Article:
The most common frequency ranges to expand would be 60Hz -100Hz to expand the kick drum, 180Hz to 240Hz to expand the snare drum, and 1.5kHz to 2.5kHz to expand the lead vocal.
The kick is the most common highly dynamic instrument. It plays a large role in keeping recordings dynamic.
If you find that this expansion isn’t working as well as you hoped, and isn’t remedying the excessively compressed mix, try revisiting your subtractive equalization to see if there isn’t more “room” you can free up.
For example, if you find that expanding the vocal isn't working, try cutting 1.5kHz to 2.5kHz on the side channel to make the vocal more apparent and to ensure you are primarily expanding the lead vocal, not other instruments in that frequency range.
This aspect of mastering changes the most due to streaming. In most digital formats a signal can be mastered loudly without much consequence, at least other than the lacking dynamics that come from significant limiting.
Although CDs could be made excessively loud, the same tracks cannot be made as loud when distributed to streaming services.
However, when mastering for streaming, the process or loudness normalization greatly impacts how loud a master should be made, meaning limiting can lead to some unintended repercussions.
The software known as ReplayGain makes gain changes to tracks prior to streaming.
For example, Apple Music normalizes audio to roughly a -16 integrated LUFS.This means that any master made louder than -16 LUFS will be turned down in the form of clean gain reduction.
In other words, if a master was made excessively loud at the expense of dynamics and transients, all of this effort will be for nothing after loudness normalization.
This is just a brief overview of how loudness normalization affects streaming, so if you’d like to learn more about it check out our blog posts on the topic:
Both show the complexities how loudness normalization and the streaming services that use it. If you’d like to learn more about how to properly use limiting to affect your track’s loudness, then these are good sources.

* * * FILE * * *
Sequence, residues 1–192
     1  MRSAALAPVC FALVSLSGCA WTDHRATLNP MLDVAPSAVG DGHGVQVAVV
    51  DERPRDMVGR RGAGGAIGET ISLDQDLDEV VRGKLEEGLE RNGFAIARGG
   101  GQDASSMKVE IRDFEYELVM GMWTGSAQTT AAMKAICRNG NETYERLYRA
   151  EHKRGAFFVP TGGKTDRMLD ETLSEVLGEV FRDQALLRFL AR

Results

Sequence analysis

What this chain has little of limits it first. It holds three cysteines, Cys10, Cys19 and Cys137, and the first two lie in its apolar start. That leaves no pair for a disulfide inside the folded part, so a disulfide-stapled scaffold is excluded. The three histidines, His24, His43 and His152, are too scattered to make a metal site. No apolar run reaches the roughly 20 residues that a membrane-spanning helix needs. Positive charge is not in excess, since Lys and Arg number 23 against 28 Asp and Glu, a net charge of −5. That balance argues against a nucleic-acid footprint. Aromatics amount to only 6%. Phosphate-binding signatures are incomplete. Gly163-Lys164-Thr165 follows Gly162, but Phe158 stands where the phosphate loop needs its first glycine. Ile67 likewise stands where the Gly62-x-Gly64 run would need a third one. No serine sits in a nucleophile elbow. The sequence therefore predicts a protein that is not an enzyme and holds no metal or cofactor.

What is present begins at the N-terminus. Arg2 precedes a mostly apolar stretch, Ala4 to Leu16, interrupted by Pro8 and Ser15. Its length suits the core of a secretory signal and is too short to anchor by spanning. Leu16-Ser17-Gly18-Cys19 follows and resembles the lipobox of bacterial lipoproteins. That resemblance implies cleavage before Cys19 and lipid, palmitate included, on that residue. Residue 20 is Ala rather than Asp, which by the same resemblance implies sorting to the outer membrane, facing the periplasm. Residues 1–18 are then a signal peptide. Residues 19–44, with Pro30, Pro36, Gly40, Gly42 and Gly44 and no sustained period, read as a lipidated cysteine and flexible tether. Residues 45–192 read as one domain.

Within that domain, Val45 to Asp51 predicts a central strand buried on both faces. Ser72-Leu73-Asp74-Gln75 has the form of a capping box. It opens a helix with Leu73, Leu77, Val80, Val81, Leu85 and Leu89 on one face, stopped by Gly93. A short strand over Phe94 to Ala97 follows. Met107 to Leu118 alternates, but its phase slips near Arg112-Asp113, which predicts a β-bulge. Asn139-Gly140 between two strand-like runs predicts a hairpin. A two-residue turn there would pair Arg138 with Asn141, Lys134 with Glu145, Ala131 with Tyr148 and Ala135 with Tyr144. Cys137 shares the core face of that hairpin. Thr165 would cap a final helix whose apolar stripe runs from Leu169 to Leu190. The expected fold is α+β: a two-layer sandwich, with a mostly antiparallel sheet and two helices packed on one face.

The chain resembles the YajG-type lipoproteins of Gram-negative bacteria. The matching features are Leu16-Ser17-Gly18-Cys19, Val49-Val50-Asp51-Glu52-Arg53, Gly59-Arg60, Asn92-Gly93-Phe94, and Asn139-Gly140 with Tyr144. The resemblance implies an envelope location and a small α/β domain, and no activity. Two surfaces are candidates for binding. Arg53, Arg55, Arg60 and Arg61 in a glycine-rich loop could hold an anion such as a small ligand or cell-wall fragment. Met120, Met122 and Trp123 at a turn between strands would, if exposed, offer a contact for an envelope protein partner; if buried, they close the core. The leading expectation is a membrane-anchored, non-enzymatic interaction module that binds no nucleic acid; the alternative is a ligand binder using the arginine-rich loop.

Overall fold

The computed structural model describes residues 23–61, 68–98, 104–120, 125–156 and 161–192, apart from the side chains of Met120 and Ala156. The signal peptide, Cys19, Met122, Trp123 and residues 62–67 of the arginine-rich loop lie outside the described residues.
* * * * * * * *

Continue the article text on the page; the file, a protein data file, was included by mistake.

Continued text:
In short, you no longer need to make an excessively loud master for it to be perceived as loud. Loudness normalization will do the work for you whether you want it to or not, so the best option is to protect your master from peaks using a limiter, but not to drive it excessively.
The best course of action is to increase your tracks integrated LUFS to roughly -14 at the most, and then decrease your limiter’s output to -.5dB. This way loudness normalization can be performed properly, and your master won’t clip during the encoding process.
Setting the output of your limiter to -.5dB protects the signal from clipping during the encoding process.
Once you’ve begun to use limiting to increase the loudness of your master, you should simultaneously reference an LUFS meter to measure and moderate your track’s loudness. There are many options for LUFS meters, including free ones provided by your DAW.
This Loudness meter is included in your DAW.
Here are Some Purchasable LUFS Meters:
If you don’t have a free LUFS plugin included with your DAW, and you’d prefer not to purchase one, the‘YouLean Loudness Meter’ is a great free option that offers all the needed metrics for measuring your master’s loudness.
The YouLean Loudness Meter is free and a very useful LUFS meter to have.
When deciding the appropriate loudness of your master, keep loudness normalization in mind and always remember that although a louder master may sound better at first, it will not sound better once it has been normalized.
Mastering for streaming is a lot like mastering for other mediums; however, loudness normalization plays a big role in changing certain aspects of it.
You no longer need to make a loud master to have it be perceived as loud.
You no longer need to make a loud album to be competitive - this loudness is roughly the same amongst all albums on streaming services. With that said, the best way to make your album or record sound better on a streaming service is to follow the steps above and to ensure your tracks retain their dynamics and transients.
If you’d like to learn more about how streaming affects mastering, check out these blog posts on the topic:
They go into greater detail about how streaming affects the master process.
Also, if you’d like to hear your mix mastered for streaming, send it to us here:
We’ll master it for you and send you a free mastered sample for you to review. This way you can hear how a master made for streaming differs from other masters.
Have you ever mastered a track for streaming?